• When I was last in Hong Kong (ok its not really China but whatever) I bought porn from a shop in a market on the street. They had tons of old porn from the 80s and 90s and lots of strange stuff. And it was an open air shop in the middle of a market. And that was just last year.
      • Re:So, Essentially (Score:4, Interesting)

        by DNS-and-BIND (461968) on Thursday December 10, 2009 @08:35PM (#30397482) Homepage

        Go to any shop and ask for "huang de DVD" (yellow DVDs - Chinese term for it, think "blue movies"). They have them behind the counter. Usually seem to be Hong Kong girls but the Chinese mafia gets busted for making pornos so there must be mainland girls somewhere. Chinese people get really angry when they see their women debasing themselves in porn (kappa girl). Anyone think their view of Western women is warped due to all the white girls they see doing crazy shit in pornos? Think about all the dumb stereotypes of Chinese people we all got from watching Hollywood movies. Oh, and one more thing...heh, heh...it's funny the guys are supposed to be pornstars but they are not particularly well-endowed.

        Extremely poor country? People aren't starving to death, and incomes are rising across the board. The police are neither undermanned nor ill-funded. A country where manpower is cheap and government is absolute? The cops in my town all have new police cars. Cameras are going up everywhere to monitor the whole city - imported products that they paid top dollar for (the guy I know who works on the system said the domestic systems were simply not up to snuff.)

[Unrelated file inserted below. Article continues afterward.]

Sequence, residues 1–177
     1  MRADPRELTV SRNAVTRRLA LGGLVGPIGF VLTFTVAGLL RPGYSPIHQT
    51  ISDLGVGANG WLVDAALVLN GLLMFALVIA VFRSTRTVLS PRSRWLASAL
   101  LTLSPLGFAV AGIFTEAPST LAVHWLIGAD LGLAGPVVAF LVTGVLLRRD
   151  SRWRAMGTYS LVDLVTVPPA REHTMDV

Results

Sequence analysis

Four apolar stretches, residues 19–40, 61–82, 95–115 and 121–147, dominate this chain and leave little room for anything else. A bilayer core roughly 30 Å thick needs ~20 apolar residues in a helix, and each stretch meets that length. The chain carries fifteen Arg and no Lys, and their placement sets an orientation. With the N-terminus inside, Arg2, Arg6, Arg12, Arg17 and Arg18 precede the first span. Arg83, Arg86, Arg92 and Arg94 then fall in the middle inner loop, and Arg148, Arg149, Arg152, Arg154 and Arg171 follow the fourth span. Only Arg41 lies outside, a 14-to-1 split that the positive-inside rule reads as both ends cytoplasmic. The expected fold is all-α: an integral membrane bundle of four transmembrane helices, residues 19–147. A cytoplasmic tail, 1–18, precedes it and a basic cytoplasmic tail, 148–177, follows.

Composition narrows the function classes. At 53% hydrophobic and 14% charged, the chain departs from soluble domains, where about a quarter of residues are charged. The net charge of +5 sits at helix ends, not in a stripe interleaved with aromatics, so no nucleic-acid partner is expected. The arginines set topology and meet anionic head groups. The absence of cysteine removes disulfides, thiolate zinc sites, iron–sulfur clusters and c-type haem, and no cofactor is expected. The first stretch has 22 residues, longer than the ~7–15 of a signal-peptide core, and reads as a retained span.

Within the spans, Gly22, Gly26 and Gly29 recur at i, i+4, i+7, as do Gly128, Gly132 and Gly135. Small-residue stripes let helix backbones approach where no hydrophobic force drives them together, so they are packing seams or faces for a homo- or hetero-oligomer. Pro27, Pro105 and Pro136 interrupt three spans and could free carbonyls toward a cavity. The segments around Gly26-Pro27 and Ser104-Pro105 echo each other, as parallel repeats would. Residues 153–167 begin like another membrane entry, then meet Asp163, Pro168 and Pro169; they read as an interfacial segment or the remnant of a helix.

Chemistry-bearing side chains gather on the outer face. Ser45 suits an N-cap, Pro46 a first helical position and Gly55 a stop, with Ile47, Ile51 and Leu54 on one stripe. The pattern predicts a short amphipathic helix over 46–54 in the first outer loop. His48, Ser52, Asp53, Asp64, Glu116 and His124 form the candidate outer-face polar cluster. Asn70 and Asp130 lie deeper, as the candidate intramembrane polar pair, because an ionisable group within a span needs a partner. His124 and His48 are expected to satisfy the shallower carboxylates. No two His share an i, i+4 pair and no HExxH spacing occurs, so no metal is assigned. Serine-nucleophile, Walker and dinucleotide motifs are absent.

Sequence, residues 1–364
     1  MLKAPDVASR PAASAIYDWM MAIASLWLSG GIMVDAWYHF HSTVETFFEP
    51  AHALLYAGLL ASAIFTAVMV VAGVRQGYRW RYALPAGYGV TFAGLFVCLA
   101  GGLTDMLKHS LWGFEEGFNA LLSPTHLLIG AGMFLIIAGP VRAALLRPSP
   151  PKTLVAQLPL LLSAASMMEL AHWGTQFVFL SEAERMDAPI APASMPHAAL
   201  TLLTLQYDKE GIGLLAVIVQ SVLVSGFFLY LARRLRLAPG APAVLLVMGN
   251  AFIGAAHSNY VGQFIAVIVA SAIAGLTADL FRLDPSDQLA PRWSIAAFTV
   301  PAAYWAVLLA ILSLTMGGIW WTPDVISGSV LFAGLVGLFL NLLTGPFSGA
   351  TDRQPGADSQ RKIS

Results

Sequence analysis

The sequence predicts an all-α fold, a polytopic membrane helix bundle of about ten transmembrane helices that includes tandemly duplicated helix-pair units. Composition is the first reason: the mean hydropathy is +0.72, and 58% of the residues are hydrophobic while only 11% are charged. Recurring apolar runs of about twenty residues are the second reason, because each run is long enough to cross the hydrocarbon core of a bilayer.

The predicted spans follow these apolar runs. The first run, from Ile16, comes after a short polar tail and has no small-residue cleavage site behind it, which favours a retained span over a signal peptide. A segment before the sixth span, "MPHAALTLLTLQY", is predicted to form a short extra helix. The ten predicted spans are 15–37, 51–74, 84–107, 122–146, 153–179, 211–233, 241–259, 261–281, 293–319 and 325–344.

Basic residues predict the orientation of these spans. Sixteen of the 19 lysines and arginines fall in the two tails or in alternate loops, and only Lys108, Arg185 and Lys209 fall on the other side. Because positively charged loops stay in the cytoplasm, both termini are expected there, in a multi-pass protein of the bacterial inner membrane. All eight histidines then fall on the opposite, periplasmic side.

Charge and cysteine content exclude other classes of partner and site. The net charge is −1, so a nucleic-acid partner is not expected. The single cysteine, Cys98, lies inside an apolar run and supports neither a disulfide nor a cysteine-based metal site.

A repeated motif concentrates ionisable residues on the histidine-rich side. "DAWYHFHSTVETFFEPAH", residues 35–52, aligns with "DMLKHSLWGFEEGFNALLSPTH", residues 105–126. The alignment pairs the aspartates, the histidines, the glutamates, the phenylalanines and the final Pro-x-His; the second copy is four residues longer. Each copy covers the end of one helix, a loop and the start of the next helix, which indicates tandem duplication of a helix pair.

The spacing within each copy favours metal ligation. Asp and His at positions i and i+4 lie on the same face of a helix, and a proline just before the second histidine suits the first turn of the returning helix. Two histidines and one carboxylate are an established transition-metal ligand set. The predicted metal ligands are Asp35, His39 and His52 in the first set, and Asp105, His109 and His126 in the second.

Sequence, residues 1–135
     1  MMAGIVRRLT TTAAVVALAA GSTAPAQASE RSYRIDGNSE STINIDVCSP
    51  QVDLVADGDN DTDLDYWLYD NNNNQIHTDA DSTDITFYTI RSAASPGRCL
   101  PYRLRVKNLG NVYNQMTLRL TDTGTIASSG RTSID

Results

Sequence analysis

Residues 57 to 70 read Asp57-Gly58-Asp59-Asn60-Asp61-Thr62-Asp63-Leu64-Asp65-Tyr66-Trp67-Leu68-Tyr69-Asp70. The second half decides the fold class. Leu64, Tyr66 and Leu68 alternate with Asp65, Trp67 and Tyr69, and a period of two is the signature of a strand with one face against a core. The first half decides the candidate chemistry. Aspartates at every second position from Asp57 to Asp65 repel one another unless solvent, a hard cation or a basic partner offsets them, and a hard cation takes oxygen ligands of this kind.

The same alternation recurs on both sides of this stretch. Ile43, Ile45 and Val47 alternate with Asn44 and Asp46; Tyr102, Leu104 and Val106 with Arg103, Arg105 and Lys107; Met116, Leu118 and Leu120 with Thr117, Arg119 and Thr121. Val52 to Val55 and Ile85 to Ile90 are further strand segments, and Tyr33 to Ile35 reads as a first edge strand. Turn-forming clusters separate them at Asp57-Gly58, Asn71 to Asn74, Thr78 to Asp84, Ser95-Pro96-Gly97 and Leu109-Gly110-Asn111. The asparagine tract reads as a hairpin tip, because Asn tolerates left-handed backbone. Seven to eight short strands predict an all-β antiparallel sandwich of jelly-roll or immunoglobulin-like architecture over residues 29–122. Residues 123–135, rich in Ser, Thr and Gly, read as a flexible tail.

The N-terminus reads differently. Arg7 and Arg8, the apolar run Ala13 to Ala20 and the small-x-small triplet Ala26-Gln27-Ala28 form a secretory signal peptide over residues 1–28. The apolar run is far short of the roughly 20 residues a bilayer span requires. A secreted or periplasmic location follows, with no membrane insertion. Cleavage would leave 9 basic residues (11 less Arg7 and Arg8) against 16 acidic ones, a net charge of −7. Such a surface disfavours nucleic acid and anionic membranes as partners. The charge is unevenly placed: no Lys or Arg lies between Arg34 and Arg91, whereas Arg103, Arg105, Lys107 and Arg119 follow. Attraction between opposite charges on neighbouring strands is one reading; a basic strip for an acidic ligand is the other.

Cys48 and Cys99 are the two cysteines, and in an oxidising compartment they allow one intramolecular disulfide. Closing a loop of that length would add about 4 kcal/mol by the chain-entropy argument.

• Instead of taking the Japanese model, where every single genital shot is reduced to blocky 16x16 pixalation (though they bizarrely get around this by using demonic/alien tentacles where possible) they should use the blocky pixalation on faces (there will never be the equivalent of a porn star in China. Too much shame and the possibility of life imprisonment.)

        Home made porn, without faces, can then be sold on the black market without running the dubious risk of trying illegal imports where you're never sure

    • Re: (Score:3, Insightful)

      I think they're doing it right.

      Starting at the latest technologies (P2P Sharing) and working their way backwards. If you can cut off Piracy from the internet, then you can focus on physical media afterwards knowing that very little of it is going to be reproduced - since it can't be file shared as easily.

      Stop the net and you stop alot of DVD-R's. If you force Pirates to Film by video cam, the quality of pirated films goes way down and eventually people won't want that pirated version.

      How many of those Pira

      • by Grygus (1143095)
        There was a booming market in VCDs with camera-recorded movies back in the last 90s. Low quality, low price, so ubiquitous that people didn't even know they were illegal. I don't see why they wouldn't just go back to that, China's too big to effectively police physically.
        • Re: (Score:3, Informative)

          by Orion Blastar (457579)